Nine Pieces of Advice on How to Write a Cover Letter (As Demonstrated by How Not to Write a Cover Letter)
Dear Sirs, 
My name is CJ and I am writing to introduce myself. I am the next great literary genius.  Even my dog thinks so, though he is usually more of a Hemingway guy.  I started writing when I was five because, much like Marcel Proust, I was a lonely child and terribly sensitive. 
I am submitting to your journal (publishing house/agency) because you publish work that is very much in line with my own. You recently published a story about a young man who feels listless and uninspired and so gets very drunk and then stares at the sea. There is a scene where this very thing happens in my story, so I know you will like it. 
My story is also perfect for a movie adaptation.  In the movie adaptation, the main character, who is semi-autobiographical, will be played by Jon Bon Jovi. Fans of Jon Bon Jovi will totally love this story,  so I can guarantee at least one million readers will buy the issue. Mister Bon Jovi has already agreed to promote the story. 
Thank you for considering my work. If I do not hear back from you by eight am tomorrow I will show up at your office, weeping, in a chicken suit, holding a hand-lettered sign that says: WHY DIDN’T YOU CALL ME?!? 
 Always try to address your letter to a particular person. Mention him or her by name. If you assume the reader at a prestigious journal (publishing house/agency) is a man right off the bat with a lead like “Sirs,” any woman picking up that letter is going to chuck it. Most men will too, because in what universe is there still a cabal of gentlemen in seersucker suits sitting around perusing query letters over cigarettes and bourbon? Suddenly that sounds kind of appealing...off to Brooks Brothers to get myself a lady-suit...
 This is not cute or charming. Avoid making grand claims.
 Neither is this. Self-deprecation is vital writerly currency, but don’t try it in a cover letter.
 Someday editors will ask for the origin story of how you became a writer. So will your adoring public. But right now, sadly, no one cares. I mean, I do. You can tell me all about it someday. But this information will not strengthen your cover letter.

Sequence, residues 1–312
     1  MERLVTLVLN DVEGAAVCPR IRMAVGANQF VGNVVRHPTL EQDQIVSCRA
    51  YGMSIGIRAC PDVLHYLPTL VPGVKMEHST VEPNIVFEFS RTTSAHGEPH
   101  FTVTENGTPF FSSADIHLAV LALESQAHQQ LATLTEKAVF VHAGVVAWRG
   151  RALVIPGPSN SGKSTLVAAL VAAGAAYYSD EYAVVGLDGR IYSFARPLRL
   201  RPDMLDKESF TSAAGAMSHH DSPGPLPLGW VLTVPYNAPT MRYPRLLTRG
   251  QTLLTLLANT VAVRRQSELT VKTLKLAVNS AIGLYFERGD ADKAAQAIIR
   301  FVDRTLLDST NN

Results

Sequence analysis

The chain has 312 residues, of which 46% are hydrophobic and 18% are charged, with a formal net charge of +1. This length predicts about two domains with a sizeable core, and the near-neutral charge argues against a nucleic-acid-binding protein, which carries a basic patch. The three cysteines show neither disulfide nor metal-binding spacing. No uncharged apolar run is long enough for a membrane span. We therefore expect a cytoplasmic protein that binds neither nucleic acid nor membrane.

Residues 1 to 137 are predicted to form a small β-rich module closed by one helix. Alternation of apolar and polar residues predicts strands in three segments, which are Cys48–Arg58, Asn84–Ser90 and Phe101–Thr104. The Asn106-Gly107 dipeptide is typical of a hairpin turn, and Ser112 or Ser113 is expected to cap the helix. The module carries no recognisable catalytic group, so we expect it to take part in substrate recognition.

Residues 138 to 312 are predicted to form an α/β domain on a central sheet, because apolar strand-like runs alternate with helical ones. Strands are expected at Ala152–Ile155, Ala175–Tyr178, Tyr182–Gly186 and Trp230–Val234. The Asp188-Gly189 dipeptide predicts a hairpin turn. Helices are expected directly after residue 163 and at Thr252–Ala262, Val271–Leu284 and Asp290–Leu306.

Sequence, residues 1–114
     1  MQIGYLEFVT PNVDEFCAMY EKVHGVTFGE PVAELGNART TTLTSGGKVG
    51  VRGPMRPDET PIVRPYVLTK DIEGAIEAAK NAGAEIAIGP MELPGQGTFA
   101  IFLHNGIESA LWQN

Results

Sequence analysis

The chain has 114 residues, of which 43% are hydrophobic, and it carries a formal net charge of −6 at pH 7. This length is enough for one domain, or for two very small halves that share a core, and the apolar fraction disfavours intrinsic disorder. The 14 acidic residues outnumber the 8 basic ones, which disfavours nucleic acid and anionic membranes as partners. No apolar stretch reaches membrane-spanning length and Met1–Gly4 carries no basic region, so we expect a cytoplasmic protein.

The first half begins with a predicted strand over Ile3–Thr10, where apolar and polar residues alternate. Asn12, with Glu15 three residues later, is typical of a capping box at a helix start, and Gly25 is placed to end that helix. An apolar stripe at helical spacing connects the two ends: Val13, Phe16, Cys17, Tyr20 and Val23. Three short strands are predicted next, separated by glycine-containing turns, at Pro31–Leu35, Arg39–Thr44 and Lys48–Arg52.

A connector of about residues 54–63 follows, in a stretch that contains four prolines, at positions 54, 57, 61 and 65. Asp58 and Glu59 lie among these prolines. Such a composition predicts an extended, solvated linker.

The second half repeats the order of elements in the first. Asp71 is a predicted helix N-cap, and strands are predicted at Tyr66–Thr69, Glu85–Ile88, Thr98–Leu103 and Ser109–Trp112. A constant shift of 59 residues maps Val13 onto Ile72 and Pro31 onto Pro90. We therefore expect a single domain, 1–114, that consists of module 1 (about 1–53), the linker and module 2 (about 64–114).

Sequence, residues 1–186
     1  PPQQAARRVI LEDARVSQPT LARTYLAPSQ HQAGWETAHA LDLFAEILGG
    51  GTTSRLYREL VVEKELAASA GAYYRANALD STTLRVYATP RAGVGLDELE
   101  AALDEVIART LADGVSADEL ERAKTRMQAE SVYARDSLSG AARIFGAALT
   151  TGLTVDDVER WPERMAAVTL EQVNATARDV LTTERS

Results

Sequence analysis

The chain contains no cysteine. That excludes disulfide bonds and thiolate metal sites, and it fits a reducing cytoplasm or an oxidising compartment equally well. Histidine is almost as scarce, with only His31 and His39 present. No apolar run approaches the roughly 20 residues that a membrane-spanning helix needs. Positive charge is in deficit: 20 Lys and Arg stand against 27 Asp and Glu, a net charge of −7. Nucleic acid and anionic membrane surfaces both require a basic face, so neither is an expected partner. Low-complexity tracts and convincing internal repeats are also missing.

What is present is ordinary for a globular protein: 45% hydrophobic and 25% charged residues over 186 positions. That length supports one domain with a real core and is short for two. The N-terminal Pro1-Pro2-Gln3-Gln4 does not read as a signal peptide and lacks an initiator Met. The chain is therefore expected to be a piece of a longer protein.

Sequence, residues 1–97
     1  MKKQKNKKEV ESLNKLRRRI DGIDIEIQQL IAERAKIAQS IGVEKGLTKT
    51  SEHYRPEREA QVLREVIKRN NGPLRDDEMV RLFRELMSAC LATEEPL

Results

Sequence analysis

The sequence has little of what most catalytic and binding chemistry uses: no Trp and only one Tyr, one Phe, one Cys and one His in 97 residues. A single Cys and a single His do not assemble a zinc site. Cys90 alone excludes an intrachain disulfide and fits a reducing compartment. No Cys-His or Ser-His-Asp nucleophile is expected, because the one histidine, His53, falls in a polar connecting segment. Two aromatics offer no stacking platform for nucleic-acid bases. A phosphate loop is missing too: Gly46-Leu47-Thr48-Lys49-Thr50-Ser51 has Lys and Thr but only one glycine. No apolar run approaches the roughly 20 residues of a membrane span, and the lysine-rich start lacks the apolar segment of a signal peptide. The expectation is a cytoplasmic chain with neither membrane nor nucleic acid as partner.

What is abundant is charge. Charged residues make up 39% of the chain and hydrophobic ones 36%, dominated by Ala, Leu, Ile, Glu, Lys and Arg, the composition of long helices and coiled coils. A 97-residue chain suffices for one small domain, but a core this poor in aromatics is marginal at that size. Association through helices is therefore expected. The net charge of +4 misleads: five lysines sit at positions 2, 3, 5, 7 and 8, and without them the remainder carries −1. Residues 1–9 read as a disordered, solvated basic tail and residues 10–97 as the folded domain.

Referencing the preferences of a journal (publishing house/agency), and how your work aligns with those preferences, is a great thing to do, but don’t get so specific about it that they feel like you’re not bringing anything new to the table. Try to identify styles, genres, or voices that they have appreciated in the past as opposed to content.
 Delusions of grandeur are healthy and normal. We all have them sometimes. Please do not admit to them in your cover letter, though.
 Thinking about the audience for your work is a wonderful thing to do. If you hope your work might have a strong effect on a particular community or readership, definitely mention it. But don’t go crazy.
 Do not worry about sales and marketing yet. That is someone else’s job (until someday when the issue (book) comes out when it will become your job too). Right now your job is to write things and then in this letter demonstrate to the reader that you are a competent and charming person of stable character with whom they would enjoy working.
 Waiting to hear back is the worst, but know that editors have not forgotten about you. Trust them to get back to you in their own time and do not pester them by “checking to make sure they got it.” They got it. They haven’t responded yet because they are camped out under stacks and stacks of papers and Kindles full of files and they too are weeping, wondering when they will find the story of their dreams. Maybe it is in that stack somewhere. Maybe it is yours.
This article was originally published at The Review Review.